By Joel Strohecker, D.O.
For one week each year, a group initially organized by a church traveled to Guatemala to provide medical care to the indigenous people living in a remote section of the country. As a member of that group who made the week-long trip for the past 9 years, I realized that one week out of a year was wholly inadequate to truly make a difference medically. While we saw improvements in malnutrition, some water practices (we distributed filters and educated the population) and a few communicable diseases, by and large we would return each summer to the same issues. Three years ago, another doctor and I began discussing plans for making a permanent clinic in this remote section of the country.
While the Guatemalan government provides some vaccinations to children, there is otherwise no organized medical care up in these mountains. Most families live in thatched huts with their animals and practice subsistence farming. They are exposed numerous infections, as well as malaria and tuberculosis. A simple tooth infection (there is no dental care or education) can lead to a bloodstream infection and death. While most Guatemalans have a life expectancy of 70 years, those in remote areas have a life expectancy in the 50s.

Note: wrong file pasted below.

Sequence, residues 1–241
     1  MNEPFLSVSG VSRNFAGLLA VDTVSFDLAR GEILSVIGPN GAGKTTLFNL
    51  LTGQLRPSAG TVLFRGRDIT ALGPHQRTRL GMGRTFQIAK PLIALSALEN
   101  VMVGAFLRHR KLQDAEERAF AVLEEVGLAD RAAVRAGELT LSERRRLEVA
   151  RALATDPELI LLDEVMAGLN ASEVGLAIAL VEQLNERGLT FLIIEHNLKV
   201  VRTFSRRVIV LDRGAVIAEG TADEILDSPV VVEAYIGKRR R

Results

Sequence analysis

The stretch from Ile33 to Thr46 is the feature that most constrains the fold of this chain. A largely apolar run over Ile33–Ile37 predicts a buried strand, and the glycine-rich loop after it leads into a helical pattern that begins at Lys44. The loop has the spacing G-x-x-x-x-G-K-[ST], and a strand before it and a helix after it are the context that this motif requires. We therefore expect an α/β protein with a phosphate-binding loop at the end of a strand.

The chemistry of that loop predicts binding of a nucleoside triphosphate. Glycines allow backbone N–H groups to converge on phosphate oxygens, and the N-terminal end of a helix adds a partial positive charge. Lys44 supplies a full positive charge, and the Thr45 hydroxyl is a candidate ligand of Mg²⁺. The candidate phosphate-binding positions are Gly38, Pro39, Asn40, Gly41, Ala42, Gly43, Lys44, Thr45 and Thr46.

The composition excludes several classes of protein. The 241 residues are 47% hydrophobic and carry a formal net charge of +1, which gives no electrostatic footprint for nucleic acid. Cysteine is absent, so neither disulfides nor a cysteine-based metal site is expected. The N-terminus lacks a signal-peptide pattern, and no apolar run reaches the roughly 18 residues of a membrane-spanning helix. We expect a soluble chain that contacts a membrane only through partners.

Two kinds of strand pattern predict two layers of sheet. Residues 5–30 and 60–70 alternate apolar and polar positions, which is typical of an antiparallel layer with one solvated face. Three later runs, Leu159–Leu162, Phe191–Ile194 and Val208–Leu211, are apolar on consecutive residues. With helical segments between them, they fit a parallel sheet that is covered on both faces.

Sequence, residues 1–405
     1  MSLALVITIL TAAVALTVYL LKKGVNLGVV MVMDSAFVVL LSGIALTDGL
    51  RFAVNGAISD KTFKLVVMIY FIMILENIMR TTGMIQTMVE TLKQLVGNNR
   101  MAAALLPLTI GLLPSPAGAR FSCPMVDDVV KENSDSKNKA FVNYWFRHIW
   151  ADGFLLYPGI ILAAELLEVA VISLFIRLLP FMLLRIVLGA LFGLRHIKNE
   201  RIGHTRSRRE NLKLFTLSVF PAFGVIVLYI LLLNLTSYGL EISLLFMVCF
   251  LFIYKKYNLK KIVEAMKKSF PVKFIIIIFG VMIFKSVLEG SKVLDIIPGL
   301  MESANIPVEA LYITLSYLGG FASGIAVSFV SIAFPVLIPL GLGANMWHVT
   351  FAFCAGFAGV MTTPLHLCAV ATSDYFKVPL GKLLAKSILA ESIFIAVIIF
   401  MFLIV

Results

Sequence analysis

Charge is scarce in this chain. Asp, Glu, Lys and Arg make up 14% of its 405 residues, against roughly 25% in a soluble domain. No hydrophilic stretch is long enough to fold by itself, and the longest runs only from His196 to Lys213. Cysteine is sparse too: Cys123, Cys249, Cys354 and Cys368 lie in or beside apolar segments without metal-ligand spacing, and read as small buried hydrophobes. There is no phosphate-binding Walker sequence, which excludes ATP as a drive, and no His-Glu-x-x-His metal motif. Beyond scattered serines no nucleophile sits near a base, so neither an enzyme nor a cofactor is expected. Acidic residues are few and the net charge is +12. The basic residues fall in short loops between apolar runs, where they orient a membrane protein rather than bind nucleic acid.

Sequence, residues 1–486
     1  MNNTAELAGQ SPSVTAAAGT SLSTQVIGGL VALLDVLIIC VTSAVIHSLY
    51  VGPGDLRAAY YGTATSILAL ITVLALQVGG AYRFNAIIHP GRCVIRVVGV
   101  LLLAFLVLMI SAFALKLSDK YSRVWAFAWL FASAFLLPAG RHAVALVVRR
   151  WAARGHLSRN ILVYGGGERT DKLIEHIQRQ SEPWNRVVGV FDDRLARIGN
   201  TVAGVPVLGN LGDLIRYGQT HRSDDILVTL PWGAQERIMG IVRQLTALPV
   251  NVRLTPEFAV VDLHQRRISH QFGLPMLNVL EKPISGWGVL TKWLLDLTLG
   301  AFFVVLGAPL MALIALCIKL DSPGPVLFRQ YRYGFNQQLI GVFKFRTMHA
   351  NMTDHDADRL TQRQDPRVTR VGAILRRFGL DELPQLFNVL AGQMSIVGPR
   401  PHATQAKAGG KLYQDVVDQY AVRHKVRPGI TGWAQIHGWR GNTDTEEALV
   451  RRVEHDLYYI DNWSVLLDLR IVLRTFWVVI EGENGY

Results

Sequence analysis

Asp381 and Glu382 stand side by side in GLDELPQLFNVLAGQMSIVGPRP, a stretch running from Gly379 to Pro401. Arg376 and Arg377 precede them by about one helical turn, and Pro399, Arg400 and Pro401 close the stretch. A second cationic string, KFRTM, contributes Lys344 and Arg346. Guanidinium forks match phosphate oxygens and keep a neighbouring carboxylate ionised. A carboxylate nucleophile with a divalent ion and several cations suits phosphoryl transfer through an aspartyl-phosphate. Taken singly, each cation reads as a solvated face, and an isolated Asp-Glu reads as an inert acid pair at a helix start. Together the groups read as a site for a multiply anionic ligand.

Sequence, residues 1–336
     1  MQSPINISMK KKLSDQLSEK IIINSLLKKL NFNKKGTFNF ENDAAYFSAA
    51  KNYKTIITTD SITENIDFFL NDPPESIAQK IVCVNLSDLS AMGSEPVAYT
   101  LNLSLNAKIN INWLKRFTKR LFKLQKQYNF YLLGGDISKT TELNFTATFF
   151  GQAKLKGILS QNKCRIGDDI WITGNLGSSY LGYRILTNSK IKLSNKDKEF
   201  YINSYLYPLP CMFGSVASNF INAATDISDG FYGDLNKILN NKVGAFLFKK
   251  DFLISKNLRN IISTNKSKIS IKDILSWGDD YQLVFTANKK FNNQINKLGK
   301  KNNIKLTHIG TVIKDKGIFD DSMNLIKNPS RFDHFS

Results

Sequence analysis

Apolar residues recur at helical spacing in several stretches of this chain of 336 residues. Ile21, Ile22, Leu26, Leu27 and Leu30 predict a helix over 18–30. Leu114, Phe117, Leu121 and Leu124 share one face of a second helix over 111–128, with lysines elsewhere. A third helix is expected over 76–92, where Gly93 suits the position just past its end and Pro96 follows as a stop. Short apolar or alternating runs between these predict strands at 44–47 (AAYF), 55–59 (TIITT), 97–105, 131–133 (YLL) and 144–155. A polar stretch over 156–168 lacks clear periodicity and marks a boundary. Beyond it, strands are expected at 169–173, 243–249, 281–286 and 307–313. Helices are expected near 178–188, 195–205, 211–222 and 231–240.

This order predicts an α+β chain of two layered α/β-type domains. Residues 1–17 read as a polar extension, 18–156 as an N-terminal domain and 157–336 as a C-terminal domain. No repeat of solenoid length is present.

In 2016 Camotán Clinic was started as a nonprofit organization with the goal of providing health care to this unrecognized community in remote southwest Guatemala. After several months of construction the clinic opened in late 2017. We so far have hired a Guatemalan dentist, nurse and office manager. I have been traveling about every 6 weeks with different doctors to work in the clinic. We are up and running offering everything from pediatrics to dental care and geriatrics. We will be starting an obstetric program in September. In time, we will hire a doctor but for now our frequent medical trips from the U.S. suffice as we build our patient base and learn the needs of the people more completely.
Our clinic is situated in the valley with large mountains all around us. Some of our patients come down to see us but we often have to do “Hut Calls,” traveling up on the mountain to see our patients. Word spreads fast and those who are able to travel have the option of a truck transport that charges 8 cents for the ride down to our clinic.
We are just getting started. Already we have felt tremendous appreciation from the community and have been warmly welcomed by these gracious people. It has made working here enjoyable and fulfilling.
To learn more, or if you would like to volunteer or support our clinic, visit camotanclinic.com.